For the love of CBD

Organic Vermont CBD. AroMed sources certified organic hemp directly from Wilson Herb Farm, a certified organic farm in Greensboro, Vermont, and Quintessential Farm, a certified organic farm in Cabot, Vermont.

CBD FAQ

What is CBD?

CBD (cannabidiol) is one of dozens of active chemical compounds (or cannabinoids) found in the hemp plant.

Does CBD come from marijuana or hemp?

Marijuana and industrial hemp are two different varieties of cannabis that come from the same species of plant (Cannabis sativa L). In general, CBD is found abundantly in both. It is CBD extracted from industrial hemp that is legal, and currently being marketed in Vermont, and must contain no more than 0.3 percent tetrahydrocannabinol (THC). If a hemp plant contains more than 0.3 percent THC, it is then technically a “marijuana” plant.

Will CBD get me high?

CBD will not get you high. It is the THC molecule that binds to CB1 and CB2 receptors in the brain that is responsible for the psychotropic effects of marijuana. CBD can, however, decrease anxiety and facilitate a calming or sedating effect on some users.

How does CBD work?

CBD functions by binding to cannabinoid receptors in the body’s own endocannabinoid system. “These receptors have been found in the brain, organs, connective tissues, glands, and immune cells. In each tissue, the cannabinoid system performs different tasks, but the goal is always the same: homeostasis, the maintenance of a stable internal environment.” Go to norml.org if you want to learn more.

How do I take CBD?

* CBD is best taken orally via drops placed under the tongue, and held for 60 seconds before swallowing. The CBD is rapidly absorbed into the bloodstream via the capillaries in the mouth.

* Topical creams, oils, and salves are also helpful for skin conditions and addressing aches and pains, but only about 10 percent of applied CBD is absorbed into the bloodstream via the skin. For chronic inflammatory issues, a combination of topicals and internal use is most effective.

* CBD, taken in capsule form, is best when addressing gastrointestinal inflammation, such as IBS.

* Vaping or smoking CBD rich hemp is a rapid route of absorption and can be a useful delivery method when a quick response is needed, e.g., for anxiety, pain reduction, or insomnia.

* Edibles, such as truffles, cookies, coffee, or gummy bears are popular and delicious introductions to CBD, the “gateway” CBD product, if you will.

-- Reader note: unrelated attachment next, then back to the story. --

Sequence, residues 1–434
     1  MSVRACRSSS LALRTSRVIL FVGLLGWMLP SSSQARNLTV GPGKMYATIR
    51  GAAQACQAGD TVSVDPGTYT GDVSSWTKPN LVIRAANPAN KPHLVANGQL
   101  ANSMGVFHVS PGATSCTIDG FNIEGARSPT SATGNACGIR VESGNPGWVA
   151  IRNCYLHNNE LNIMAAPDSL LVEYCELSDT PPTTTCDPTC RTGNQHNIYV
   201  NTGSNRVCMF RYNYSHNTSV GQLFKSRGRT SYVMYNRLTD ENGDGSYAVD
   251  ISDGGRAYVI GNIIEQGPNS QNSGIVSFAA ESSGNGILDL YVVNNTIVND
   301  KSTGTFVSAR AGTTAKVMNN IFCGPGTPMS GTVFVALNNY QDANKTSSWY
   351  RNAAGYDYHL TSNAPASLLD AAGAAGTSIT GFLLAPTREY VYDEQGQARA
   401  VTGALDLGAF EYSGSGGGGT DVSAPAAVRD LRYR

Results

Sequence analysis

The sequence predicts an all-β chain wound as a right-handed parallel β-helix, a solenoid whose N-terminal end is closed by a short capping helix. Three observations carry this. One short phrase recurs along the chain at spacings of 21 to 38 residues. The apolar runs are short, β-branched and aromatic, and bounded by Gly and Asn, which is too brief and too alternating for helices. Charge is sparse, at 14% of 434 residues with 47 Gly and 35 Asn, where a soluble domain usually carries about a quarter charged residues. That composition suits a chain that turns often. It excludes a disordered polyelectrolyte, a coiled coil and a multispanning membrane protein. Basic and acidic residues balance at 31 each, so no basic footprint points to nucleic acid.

How do I know what dose of CBD to take?

Dosing involves many variables, and is person specific. Finding the correct dose for you may require attentive self-monitoring and experimentation. Many of AroMed’s customers report dosing between 10 and 60 mg of CBD per day total, depending on the health issue being addressed.   

Are there side effects of using CBD? Is it safe?

The only significant known risk is vaping CBD oils that were produced with a thinning agent, such as propylene glycol. When vaped, propylene glycol produces a known carcinogen, formaldehyde. CBD oils produced by carbon dioxide extraction for vaping are much safer with better efficacy. CBD is generally safe with no known side effects, although some users have reported sedation, lightheadedness, or lowered blood pressure. Collaboration with your health care provider related to CBD use is recommended, particularly if you are taking pharmaceuticals.

Is CBD legal?

CBD oil from industrial hemp is legal in Vermont (and retail sales are taxed), but legality in some other states, and on the federal level, differ.  The confusion related to the legal status of CBD is largely related to the Drug Enforcement Administration’s designation of all cannabis extracts, including CBD, as a Schedule I drug (i.e., heroin, LSD, or mescaline) with no medicinal value. Cannabis has never met the criteria of a Schedule I drug.  But, there is big news just in, Senate Majority Leader Mitch McConnell recently threw his support behind the Hemp Farming Act of 2018, which would legalize the growing and selling hemp under federal law.

Does CBD show up in drug tests?

THC is the “problematic” cannabinoid looked for in drug tests. CBD is not, and generally a non-issue for those that require testing. That being said, when purchasing CBD products, choose your source carefully and be sure batch testing is being done to ensure purity and that THC levels are indeed below 0.3 percent.

How do I discern quality?

Reputable CBD producers, product makers, and sellers are transparent and share test results upon request. Other markers of quality are sustainable, organic growing practices and using locally grown and extracted Vermont CBD hemp oil. Many CBD products sold in Vermont come from Colorado or Kentucky. That fact is not widely known by local consumers who believe they are supporting local farmers.

Where can I find medical studies on CBD?

Project CBD is a non-profit organization dedicated to documenting the research progress on CBD, and references hundreds of scientific/medical peer-reviewed studies. The studies reference CBD use as it relates to ADHD, addiction, Alzheimer’s disease, arthritis, cancer, diabetes, epilepsy, fibromyalgia, migraines, neurodegeneration, chronic pain, and many more. Visit projectcbd.org/guidance/conditions.

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